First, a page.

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Electric Field Lines, Misconception

  1. May 28, 2010 #1
    1. The problem statement, all variables and given/known data
    This is a question I read in an article that discusses about misconception of physics among students.
    they only provided the question and some of the wrong principles students suggested.

    Three Points , located on the vertices(vertexes) of an equilateral triangle and have potentials 0V, 50 V ,-25V as in the figure I attached to this thread.
    The students were asked to sketch electric field lines and equipotential surfaces.



    2. Relevant equations
    E=V/d
    Electric field line's starting point should be either a charge or infinity.
    Electric field line's ending point should be either a charge or infinity.

    the misconception was that students sketched electric field lines from one point to another as if there were charges there.


    3. The attempt at a solution
    First, I assumed they are apart distance d from each other.
    then I divided the question into 3 two-pairs and found the electrical field that should be in a specific direction to satisfy this voltage difference.

    e.g
    the pair P2 -P1 has potential difference of 50V thus I can assume there is an electric field in the direction from P2 to P1 with magnitude of 50/d (but not starting from point P2, it starts from infinity ,just the direction is... you could say 30 degrees wit the vertical.)
    then I summed all the components to find the direction of the "net Electric Field" which happens to be 19.1 degrees(if I'm not mistaken) to the left of the vertical as shown in the second diagram,and the direction is independent of d.

    and about the equipotential surfaces,
    IMO they are perpendicular to the electric field lines but they are not really surfaces :S just lines, and I'm not sure if it's OK ( they are infinte so I can say the are surfaces ??).

    anyway,any suggestions and help is appreciated, I've never been that in-secure in a physics question.


    Thank You,
    Dw
     

    Attached Files:

  2. jcsd
  3. May 28, 2010 #2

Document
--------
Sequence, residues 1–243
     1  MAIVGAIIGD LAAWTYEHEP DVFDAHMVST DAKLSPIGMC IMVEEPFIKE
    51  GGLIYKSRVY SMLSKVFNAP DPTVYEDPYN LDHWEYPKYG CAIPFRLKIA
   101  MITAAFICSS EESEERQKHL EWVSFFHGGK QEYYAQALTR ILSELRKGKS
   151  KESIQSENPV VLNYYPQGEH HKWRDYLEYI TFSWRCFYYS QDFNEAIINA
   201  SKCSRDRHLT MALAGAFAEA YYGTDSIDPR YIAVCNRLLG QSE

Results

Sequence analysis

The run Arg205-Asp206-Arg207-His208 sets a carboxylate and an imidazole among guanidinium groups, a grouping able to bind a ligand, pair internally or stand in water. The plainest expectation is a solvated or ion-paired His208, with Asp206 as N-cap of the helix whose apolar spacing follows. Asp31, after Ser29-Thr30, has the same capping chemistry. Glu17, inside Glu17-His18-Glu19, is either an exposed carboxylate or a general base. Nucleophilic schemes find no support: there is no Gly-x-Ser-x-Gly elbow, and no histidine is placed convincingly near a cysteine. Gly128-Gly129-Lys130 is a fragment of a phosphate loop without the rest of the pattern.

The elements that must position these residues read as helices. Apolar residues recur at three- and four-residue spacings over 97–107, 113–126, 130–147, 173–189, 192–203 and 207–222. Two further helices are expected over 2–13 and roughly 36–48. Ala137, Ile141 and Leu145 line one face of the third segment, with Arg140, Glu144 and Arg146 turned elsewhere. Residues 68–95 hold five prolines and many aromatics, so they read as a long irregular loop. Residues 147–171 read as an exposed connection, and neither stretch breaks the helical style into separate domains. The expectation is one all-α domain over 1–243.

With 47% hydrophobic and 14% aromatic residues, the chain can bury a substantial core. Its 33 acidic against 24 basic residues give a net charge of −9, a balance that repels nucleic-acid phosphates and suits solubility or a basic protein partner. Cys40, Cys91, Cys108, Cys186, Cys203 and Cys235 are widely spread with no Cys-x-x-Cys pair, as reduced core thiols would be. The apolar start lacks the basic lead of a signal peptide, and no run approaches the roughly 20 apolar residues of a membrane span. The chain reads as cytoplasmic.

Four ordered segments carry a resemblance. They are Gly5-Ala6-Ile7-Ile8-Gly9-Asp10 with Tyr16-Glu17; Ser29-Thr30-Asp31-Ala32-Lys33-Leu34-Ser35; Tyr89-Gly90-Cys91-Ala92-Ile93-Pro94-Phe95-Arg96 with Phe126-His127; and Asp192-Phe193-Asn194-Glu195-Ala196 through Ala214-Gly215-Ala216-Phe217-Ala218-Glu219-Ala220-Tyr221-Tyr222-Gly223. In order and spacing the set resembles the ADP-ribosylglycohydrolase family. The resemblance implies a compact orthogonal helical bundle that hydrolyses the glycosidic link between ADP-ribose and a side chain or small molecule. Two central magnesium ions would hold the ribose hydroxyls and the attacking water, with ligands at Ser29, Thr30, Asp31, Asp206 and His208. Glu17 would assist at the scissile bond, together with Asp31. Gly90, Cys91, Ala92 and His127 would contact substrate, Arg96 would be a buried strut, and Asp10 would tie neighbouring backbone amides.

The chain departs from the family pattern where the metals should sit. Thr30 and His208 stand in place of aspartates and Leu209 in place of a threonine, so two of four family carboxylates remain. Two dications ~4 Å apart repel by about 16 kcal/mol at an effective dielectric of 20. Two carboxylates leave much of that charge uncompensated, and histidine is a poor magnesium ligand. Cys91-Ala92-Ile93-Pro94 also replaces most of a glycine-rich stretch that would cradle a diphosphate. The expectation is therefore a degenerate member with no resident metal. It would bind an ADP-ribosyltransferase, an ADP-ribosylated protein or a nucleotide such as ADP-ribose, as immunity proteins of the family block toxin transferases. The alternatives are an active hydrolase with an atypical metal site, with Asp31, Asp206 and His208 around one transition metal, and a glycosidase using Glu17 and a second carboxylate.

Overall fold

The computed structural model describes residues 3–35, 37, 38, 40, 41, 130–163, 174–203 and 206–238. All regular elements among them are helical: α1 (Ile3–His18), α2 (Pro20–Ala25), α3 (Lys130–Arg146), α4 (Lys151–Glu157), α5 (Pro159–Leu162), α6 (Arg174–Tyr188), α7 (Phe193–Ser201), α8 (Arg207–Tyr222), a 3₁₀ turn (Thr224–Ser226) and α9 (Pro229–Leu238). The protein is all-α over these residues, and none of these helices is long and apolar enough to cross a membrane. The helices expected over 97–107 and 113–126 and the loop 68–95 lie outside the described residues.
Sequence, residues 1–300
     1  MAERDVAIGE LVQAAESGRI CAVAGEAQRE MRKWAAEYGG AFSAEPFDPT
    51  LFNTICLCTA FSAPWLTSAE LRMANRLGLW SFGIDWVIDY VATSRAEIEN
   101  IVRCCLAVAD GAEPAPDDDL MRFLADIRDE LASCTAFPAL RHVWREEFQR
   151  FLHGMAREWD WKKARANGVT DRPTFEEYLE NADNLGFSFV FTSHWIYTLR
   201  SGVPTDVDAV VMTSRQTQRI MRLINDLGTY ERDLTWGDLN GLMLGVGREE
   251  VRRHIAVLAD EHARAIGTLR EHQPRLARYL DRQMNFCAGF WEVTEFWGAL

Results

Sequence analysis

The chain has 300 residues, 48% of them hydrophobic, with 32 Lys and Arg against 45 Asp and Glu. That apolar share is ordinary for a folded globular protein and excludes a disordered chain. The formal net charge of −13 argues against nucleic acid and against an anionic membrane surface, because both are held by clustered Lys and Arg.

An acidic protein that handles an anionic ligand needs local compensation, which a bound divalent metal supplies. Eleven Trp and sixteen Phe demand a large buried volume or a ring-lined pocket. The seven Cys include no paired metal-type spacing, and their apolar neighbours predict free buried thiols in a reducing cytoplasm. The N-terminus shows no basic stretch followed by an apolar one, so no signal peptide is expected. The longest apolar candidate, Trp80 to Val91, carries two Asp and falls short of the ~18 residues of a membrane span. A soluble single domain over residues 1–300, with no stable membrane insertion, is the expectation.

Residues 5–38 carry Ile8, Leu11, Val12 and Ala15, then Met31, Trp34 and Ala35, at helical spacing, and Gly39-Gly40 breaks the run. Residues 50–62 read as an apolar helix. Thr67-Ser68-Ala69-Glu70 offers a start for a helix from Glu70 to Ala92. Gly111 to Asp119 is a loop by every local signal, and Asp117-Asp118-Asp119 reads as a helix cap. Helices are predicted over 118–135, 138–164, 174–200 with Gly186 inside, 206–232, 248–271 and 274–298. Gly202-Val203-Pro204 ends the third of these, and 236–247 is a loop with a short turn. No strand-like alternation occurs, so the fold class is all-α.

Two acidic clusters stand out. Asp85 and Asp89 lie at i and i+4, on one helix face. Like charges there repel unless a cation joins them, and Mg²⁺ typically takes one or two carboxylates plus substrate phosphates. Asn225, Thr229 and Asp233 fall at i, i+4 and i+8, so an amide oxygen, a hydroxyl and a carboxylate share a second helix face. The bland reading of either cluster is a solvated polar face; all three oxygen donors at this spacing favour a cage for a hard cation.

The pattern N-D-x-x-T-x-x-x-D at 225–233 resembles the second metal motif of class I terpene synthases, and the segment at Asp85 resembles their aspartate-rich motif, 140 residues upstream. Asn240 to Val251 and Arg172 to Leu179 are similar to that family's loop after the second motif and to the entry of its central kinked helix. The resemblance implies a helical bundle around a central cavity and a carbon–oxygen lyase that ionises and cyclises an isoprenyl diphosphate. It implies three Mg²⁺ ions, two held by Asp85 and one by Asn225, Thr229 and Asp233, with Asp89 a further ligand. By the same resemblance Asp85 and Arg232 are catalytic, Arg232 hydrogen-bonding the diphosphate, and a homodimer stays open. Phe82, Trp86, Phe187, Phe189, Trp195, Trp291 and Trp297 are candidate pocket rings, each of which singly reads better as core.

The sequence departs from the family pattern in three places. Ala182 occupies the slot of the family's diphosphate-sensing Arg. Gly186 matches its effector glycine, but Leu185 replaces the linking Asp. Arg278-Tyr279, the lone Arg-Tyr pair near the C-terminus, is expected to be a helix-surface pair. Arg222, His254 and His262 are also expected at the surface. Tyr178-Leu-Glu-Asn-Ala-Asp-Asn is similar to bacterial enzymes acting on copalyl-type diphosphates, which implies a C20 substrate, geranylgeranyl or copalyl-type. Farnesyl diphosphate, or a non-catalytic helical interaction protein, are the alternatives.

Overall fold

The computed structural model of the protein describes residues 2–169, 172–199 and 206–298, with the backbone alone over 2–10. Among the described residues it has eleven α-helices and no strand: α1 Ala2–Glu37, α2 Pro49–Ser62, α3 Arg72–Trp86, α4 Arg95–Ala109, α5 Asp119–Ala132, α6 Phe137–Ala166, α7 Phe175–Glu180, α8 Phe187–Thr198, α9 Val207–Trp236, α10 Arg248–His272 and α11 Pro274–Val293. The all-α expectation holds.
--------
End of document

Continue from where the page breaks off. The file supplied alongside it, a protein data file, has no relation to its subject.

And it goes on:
kuruman

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    I suppose it is understood that the electric field is uniform in the region, otherwise the problem would be impossible. If that is the case, I would write the potential in that region of space as

    φ(x,y) = C1x + C2y + C3 where all the C's are constants.

    The Electric field vector then would be (-C1, -C2)

    To find these constants, attach coordinates to each point and write the potential. For example, if you put the origin at the leftmost charge, you get

    φ(0,0) = -C3 = -25 V
    Do the same with the other three vertices and you will three equations and three unknowns, C1, C2 and C3 (you already know C3). Solve and get the electric field vector. It will be in terms of the side of the equilateral triangle, but that's just a scaling factor that doesn't change the direction of the field lines relative to the triangle.
     
    Last edited: May 29, 2010
  4. May 29, 2010 #3
    Hi kuruman!
    Thank you for the reply.
    They haven't specified in the question that the electric field is uniform in the region,but I assume it's uniform otherwise you are right and problem would be impossible.

    With your solution I get the same angle as in my solution!!
    But the magnitude of the electric field is different.
    You solution is right and mine is wrong,i've ended up adding the contribution to x twice and thus making it wrong, but I wonder how I've received the same angle..

    I like your solution,Thank You very much for your help!
    btw the equipotential surfaces are OK,right?
     
    Last edited: May 29, 2010
  5. May 29, 2010 #4

    kuruman

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    I am not sure how you ended up adding the contribution to x twice, but not to y and still get the angle right. If the field is E = - (C1, C2) then E = - (2C1, C2) would give a different angle, but E = - 2(C1, C2) would not.

    The equipotentials in this case are lines perpendicular to the electric field lines. You can check if they are correct by finding the equation for one of them and plugging in different values for x and y.
     
    Last edited: May 29, 2010
  6. May 29, 2010 #5
    When I first tried to solve it, I hadn't used your technique,I've explained mine in the first post of this thread,which is conceptually wrong , but logically(then..) was alright.
    I've ended up adding all the contributions to the x direction and to the y direction instead of using it just once.
    but still I've received the right angle(19.1 as in the first post).. kinda weird, but nvm.

    thank You :)
     
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